Alice Knows...

Alice Knows…

Challenge 12: Describe Your Most Embarrassing Moment

I’m going to skip ahead a bit in my 30 Day Challenge topics to hit on my Most Embarrassing Moment because I recently had to put this most embarrassing moment into words for a writing class. Typically in the course of this class we are expected to have our work read aloud, so after tomorrow I may have a new Most Embarrassing Moment, but in the meantime I thought I would share what I’ve got.

At my high school, the Monday after Prom weekend was traditionally known as Senior Ditch Day. As the school year drew to a close and the senior class drew closer to graduation this was a day when school authorities allowed themselves to be a bit nearsighted about class attendance and pranks.

The weekend was just another weekend to me. I hadn’t been invited to the Prom so I didn’t go and I didn’t feel sorry: I’d gone the year before and that had been enough. When Monday rolled around it was just another Monday. I drove to the school early. Nobody was around, but that was normal: I liked to arrive early enough to have time to myself before classes started.

It wasn’t until my first class that I realized something was wrong: I was the only one there. It was me and my teacher.

“Oh,” he said. “You’re here.”


It was a conversation that I had seven more times with seven more teachers: each time arriving to class and each time discovering that the classroom was empty except for me and the teacher and, in Government class, that one weird kid that no one talked to.

I debated leaving early, but I didn’t have anything better to be doing: I’d already spent half the day in empty classrooms. I was a few weeks away from needing to finish an AP art portfolio and decided that was as good a reason as any to stick around.

“Besides,” I reassured myself. “I’m the only one here. No one will know.”

The next day was back to normal. I pretended that I’d spent the day at home just like everybody else and no one seemed to be any the wiser.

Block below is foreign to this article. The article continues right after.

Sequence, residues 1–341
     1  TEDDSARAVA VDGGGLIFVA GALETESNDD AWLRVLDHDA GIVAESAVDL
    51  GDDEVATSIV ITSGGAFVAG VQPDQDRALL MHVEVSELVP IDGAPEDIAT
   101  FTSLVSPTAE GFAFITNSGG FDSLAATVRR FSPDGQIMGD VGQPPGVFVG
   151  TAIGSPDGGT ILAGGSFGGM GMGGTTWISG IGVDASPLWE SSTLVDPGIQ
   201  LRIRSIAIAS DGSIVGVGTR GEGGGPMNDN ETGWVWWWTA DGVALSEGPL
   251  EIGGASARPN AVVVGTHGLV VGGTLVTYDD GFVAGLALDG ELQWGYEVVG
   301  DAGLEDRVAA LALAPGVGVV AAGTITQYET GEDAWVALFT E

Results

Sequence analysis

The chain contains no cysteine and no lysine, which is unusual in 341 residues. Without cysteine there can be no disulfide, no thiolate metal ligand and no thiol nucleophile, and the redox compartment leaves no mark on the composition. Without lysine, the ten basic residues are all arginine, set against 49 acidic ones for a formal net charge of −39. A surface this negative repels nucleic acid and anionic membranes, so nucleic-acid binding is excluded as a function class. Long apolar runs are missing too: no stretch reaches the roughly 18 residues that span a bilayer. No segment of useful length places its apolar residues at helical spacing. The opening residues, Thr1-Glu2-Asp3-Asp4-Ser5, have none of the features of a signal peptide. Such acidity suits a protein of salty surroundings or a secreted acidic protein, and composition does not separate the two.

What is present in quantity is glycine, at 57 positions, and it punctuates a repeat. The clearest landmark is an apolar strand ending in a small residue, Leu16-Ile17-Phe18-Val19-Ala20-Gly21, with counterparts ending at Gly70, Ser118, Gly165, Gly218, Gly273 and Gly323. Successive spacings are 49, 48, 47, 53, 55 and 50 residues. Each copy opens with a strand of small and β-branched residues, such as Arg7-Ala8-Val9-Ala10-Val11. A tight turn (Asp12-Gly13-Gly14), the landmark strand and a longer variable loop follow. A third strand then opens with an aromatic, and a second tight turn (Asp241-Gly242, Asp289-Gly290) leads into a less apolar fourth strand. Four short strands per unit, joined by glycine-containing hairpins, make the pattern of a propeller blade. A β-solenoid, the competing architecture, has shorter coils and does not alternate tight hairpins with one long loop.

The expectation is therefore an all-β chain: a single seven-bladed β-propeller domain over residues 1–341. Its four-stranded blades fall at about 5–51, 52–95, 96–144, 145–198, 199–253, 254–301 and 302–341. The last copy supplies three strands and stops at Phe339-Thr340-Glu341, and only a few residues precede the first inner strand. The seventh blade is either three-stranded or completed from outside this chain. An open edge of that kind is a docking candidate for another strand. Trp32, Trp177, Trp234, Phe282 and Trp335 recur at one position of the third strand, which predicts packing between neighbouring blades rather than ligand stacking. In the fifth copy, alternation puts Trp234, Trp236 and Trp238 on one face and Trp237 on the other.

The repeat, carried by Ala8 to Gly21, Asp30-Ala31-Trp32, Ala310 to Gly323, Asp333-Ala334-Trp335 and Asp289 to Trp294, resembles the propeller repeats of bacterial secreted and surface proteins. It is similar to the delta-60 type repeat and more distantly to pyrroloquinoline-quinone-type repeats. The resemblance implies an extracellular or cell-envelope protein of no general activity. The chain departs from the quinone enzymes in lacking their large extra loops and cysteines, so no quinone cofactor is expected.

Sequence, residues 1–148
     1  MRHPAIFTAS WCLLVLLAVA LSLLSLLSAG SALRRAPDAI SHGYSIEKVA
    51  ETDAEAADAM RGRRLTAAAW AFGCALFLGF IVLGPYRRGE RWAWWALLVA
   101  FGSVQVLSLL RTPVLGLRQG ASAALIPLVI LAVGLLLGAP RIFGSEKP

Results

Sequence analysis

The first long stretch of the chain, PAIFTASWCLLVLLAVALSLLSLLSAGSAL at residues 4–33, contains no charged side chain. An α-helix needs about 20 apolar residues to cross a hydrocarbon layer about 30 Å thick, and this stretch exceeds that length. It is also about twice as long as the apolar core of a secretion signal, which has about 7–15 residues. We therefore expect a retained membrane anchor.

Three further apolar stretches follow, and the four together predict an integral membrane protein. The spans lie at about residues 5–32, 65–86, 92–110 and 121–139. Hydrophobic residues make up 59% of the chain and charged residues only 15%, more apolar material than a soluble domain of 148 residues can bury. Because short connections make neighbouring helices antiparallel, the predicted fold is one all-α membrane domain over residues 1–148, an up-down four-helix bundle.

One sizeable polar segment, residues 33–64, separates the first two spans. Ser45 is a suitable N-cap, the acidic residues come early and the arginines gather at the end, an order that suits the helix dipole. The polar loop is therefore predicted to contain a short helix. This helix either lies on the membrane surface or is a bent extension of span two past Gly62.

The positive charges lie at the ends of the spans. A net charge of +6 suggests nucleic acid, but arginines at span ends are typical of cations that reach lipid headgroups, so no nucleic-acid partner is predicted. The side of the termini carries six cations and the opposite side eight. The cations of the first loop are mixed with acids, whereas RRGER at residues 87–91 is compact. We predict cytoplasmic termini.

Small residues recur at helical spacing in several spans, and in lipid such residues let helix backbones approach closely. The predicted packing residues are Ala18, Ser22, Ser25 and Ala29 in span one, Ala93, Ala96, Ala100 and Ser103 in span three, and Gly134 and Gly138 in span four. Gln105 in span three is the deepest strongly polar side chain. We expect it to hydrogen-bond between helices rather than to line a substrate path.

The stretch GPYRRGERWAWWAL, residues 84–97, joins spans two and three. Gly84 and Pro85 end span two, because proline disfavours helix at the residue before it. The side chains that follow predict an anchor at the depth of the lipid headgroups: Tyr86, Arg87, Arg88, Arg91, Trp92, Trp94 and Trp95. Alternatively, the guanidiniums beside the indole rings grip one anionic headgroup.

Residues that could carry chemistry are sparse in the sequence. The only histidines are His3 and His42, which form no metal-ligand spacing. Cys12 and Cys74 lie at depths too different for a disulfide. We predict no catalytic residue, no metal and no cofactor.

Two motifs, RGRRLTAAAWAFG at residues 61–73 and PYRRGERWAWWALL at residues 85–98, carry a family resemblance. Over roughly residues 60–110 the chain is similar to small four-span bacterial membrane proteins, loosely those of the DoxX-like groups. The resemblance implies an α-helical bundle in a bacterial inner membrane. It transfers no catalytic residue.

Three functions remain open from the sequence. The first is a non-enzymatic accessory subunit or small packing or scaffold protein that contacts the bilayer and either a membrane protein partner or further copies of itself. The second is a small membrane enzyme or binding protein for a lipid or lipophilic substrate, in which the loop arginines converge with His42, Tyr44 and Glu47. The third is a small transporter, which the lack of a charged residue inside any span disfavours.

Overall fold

It was AP English class when somebody asked: “So did anyone show up yesterday?”

I didn’t even know I was dreading the question until I heard it. I froze in some instinct that to be very still was to be very unnoticeable, staring at my desktop in the futile hope that if I couldn’t see anything then nobody could see me. I prayed silently that the teacher would say nothing- would do nothing.

No one has to know No one has to know No one has to know.

The teacher didn’t say anything, but must have nodded in my direction. I didn’t see it. I could feel all the eyes in the room homing in on me full of pity or distain: that I had been stupid enough to have been the only person to go to classes on the day I could have gotten away with staying home. Stupid little goody two shoes: doesn’t even ditch on Senior Ditch Day.

Someone sitting beside me tried to be nice:

“Good for you.” He said.

But it didn’t feel good for me. I didn’t look at him and I didn’t say anything. And I didn’t look at anyone or say anything for the rest of the day.

~ by Gwydhar Gebien on September 16, 2013.

2 Responses to “Ablush”

  1. I’m sorry I made you go to school on Senior Ditch Day….


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